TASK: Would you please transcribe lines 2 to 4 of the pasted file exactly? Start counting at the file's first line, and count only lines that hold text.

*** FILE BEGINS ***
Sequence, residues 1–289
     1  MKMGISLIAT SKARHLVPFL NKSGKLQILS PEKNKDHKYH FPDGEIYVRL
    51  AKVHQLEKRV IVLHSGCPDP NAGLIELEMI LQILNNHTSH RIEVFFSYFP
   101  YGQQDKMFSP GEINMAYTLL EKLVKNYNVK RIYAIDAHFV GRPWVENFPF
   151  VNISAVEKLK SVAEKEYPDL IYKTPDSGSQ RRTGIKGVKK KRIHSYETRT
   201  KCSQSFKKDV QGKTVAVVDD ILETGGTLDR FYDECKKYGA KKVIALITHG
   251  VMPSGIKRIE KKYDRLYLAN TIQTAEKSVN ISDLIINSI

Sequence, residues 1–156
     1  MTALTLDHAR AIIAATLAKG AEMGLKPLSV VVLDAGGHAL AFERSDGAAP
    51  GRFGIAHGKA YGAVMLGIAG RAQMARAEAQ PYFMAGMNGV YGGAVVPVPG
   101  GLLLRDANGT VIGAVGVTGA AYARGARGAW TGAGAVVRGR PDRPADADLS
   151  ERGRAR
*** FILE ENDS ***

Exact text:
     1  MKMGISLIAT SKARHLVPFL NKSGKLQILS PEKNKDHKYH FPDGEIYVRL
    51  AKVHQLEKRV IVLHSGCPDP NAGLIELEMI LQILNNHTSH RIEVFFSYFP
   101  YGQQDKMFSP GEINMAYTLL EKLVKNYNVK RIYAIDAHFV GRPWVENFPF